In the fourth place, the referring court notes that EU law must be interpreted and applied in the light of the fundamental rights enshrined in the Charter of Fundamental Rights of the European Union (‘the Charter’). In that context, it asks whether the Member States have any discretion for the purposes of the transposition into national law of Article 2(c) and Article 5(2) and (3) of Directive 2001/29 and of Article 9(1)(b) and the first paragraph of Article 10(2) of Directive 2006/115. The referring court notes that, according to case-law of the Bundesverfassungsgericht (Federal Constitutional Court), national legislation which transposes an EU directive must be measured, as a rule, not against the fundamental rights guaranteed by the Grundgesetz für die Bundesrepublik Deutschland (Basic Law for the Federal Republic of Germany) of 23 May 1949 (BGBl. 1949 I, p. 1), but solely against the fundamental rights guaranteed by EU law, where that directive does not allow the Member States any discretion in its transposition. That court also harbours doubts as to the interpretation of those fundamental rights in circumstances such as those at issue in the main proceedings.
In those circumstances, the Bundesgerichtshof (Federal Court of Justice) decided to stay the proceedings and to refer the following questions to the Court of Justice for a preliminary ruling:
‘(1) Is there an infringement of the phonogram producer’s exclusive right under Article 2(c) of Directive 2001/29 to reproduce its phonogram if very short audio snatches are taken from its phonogram and transferred to another phonogram?
(2) Is a phonogram which contains very short audio snatches transferred from another phonogram a copy of the other phonogram within the meaning of Article 9(1)(b) of Directive 2006/115?
(3) Can the Member States enact a provision which — in the manner of Paragraph 24(1) of [the UrhG] — inherently limits the scope of protection of the phonogram producer’s exclusive right to reproduce (Article 2(c) of Directive 2001/29) and to distribute (Article 9(1)(b) of Directive 2006/115) its phonogram in such a way that an independent work created in free use of its phonogram may be exploited without the phonogram producer’s consent?
(4) Can it be said that a work or other subject matter is being used for quotation purposes within the meaning of Article 5(3)(d) of Directive 2001/29 if it is not evident that another person’s work or another person’s subject matter is being used?
(5) Do the provisions of EU law on the reproduction right and the distribution right of the phonogram producer (Article 2(c) of Directive 2001/29 and Article 9(1)(b) of Directive 2006/115) and the exceptions or limitations to those rights (Article 5(2) and (3) of Directive 2001/29 and the first paragraph of Article 10(2) of Directive 2006/115) allow any latitude in terms of implementation in national law?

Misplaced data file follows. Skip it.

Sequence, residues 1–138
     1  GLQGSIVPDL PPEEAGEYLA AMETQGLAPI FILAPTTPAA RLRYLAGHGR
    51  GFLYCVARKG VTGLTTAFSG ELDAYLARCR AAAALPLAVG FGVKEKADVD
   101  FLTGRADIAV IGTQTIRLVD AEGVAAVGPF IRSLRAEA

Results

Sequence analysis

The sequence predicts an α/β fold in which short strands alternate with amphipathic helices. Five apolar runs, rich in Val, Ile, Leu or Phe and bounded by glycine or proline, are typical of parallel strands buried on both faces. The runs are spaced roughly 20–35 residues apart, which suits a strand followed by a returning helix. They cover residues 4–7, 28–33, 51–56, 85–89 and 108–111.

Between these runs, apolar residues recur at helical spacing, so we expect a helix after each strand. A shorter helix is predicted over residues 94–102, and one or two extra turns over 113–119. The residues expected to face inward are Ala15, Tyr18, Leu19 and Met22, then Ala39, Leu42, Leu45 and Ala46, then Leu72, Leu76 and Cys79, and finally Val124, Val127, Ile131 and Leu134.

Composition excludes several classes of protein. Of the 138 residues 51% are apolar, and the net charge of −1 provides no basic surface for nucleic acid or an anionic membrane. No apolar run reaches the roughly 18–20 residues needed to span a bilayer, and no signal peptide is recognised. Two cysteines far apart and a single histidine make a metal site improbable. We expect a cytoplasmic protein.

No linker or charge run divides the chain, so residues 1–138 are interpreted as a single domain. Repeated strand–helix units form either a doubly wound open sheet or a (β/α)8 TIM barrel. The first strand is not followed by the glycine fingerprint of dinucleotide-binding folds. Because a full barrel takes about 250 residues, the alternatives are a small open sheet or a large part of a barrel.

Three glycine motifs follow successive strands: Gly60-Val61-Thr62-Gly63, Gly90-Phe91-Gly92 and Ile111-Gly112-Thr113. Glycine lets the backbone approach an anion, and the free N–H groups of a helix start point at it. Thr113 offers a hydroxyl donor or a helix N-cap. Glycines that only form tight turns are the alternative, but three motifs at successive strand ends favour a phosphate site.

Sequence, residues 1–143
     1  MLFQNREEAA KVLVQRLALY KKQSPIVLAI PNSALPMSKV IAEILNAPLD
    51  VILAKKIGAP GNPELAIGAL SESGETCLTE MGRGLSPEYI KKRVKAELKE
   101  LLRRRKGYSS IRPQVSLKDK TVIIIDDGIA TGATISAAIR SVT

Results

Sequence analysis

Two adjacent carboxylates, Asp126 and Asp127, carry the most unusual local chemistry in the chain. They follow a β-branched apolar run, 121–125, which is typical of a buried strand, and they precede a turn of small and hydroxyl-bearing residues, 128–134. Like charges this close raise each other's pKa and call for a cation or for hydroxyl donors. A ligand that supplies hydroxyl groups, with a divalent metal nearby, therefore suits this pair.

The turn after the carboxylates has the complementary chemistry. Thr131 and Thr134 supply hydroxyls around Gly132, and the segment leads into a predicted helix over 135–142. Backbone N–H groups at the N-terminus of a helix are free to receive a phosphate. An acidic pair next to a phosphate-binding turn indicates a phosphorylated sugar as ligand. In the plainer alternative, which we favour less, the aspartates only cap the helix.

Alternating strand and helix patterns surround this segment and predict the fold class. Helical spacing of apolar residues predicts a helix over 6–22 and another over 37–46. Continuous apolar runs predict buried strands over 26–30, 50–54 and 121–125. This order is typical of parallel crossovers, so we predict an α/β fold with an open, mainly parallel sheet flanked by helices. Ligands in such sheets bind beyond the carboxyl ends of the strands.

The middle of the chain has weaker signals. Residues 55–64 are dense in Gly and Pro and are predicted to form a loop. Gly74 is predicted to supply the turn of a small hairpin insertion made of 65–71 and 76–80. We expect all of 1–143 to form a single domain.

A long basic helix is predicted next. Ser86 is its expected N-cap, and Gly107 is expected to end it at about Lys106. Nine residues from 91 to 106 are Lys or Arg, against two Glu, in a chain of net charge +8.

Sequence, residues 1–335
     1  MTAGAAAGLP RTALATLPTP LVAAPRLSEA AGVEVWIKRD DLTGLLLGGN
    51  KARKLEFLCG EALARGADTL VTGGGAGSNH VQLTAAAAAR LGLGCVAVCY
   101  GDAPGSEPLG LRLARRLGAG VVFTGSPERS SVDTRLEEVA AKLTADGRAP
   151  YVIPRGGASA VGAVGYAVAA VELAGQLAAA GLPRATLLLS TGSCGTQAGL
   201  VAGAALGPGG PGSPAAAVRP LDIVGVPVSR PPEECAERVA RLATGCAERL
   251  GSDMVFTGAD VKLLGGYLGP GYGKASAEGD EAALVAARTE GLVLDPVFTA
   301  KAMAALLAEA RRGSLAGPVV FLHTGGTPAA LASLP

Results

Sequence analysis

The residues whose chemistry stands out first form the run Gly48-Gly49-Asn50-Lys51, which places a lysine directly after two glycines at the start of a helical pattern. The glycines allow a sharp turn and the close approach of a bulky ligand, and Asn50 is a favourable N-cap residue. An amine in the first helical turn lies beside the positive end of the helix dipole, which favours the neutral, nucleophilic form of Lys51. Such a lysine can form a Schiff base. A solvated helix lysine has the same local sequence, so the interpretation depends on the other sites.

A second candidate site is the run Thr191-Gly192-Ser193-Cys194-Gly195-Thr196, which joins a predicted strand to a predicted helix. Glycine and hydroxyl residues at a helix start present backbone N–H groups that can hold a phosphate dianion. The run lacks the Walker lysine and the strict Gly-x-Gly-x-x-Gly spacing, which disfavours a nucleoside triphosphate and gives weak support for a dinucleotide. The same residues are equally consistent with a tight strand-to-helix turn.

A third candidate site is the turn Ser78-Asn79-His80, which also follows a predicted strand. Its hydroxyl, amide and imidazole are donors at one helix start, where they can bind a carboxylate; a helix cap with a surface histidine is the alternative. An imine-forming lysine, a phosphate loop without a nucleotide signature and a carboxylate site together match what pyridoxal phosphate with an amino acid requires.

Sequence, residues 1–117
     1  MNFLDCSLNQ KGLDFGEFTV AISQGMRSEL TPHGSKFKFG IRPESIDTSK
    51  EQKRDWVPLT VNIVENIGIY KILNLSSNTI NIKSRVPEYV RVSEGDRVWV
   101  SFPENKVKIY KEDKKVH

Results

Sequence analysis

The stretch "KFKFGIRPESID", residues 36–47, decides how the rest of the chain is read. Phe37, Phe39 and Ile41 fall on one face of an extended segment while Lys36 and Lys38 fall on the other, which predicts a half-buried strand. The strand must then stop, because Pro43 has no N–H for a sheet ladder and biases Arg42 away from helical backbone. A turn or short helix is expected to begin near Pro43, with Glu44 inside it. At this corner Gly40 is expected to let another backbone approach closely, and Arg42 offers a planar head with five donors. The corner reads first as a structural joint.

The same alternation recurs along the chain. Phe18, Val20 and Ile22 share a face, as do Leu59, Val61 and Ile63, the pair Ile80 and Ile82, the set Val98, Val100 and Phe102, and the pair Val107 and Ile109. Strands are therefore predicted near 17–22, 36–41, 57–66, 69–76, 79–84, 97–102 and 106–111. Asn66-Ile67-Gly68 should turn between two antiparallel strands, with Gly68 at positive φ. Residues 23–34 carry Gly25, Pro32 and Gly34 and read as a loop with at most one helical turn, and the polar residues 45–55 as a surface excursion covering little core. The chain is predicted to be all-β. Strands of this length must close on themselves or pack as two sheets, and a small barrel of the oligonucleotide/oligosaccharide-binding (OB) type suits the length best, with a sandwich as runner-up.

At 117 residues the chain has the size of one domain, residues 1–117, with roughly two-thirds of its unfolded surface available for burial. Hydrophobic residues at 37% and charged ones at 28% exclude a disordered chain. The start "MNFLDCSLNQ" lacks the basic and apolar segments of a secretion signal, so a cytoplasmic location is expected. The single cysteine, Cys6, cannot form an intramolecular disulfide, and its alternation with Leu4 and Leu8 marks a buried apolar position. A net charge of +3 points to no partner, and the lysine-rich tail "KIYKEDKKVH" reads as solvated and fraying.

(6) In what way are the fundamental rights set out in [the Charter] to be taken into account when ascertaining the scope of protection of the exclusive right of the phonogram producer to reproduce (Article 2(c) of Directive 2001/29) and to distribute (Article 9(1)(b) of Directive 2006/115) its phonogram and the scope of the exceptions or limitations to those rights (Article 5(2) and (3) of Directive 2001/29 and the first paragraph of Article 10(2) of Directive 2006/115)?’
The Court’s decision:
1. Article 2(c) of Directive 2001/29/EC of the European Parliament and of the Council of 22 May 2001 on the harmonisation of certain aspects of copyright and related rights in the information society, must, in the light of the Charter of Fundamental Rights of the European Union, be interpreted as meaning that the phonogram producer’s exclusive right under that provision to reproduce and distribute his or her phonogram allows him to prevent another person from taking a sound sample, even if very short, of his or her phonogram for the purposes of including that sample in another phonogram, unless that sample is included in the phonogram in a modified form unrecognisable to the ear.
2. Article 9(1)(b) of Directive 2006/115/EC of the European Parliament and of the Council of 12 December 2006 on rental right and lending right and on certain rights related to copyright in the field of intellectual property must be interpreted as meaning that a phonogram which contains sound samples transferred from another phonogram does not constitute a ‘copy’, within the meaning of that provision, of that phonogram, since it does not reproduce all or a substantial part of that phonogram.
3. A Member State cannot, in its national law, lay down an exception or limitation, other than those provided for in Article 5 of Directive 2001/29, to the phonogram producer’s right provided for in Article 2(c) of that directive.
4. Article 5(3)(d) of Directive 2001/29 must be interpreted as meaning that the concept of ‘quotations’, referred to in that provision, does not extend to a situation in which it is not possible to identify the work concerned by the quotation in question.
5. Article 2(c) of Directive 2001/29 must be interpreted as constituting a measure of full harmonisation of the corresponding substantive law.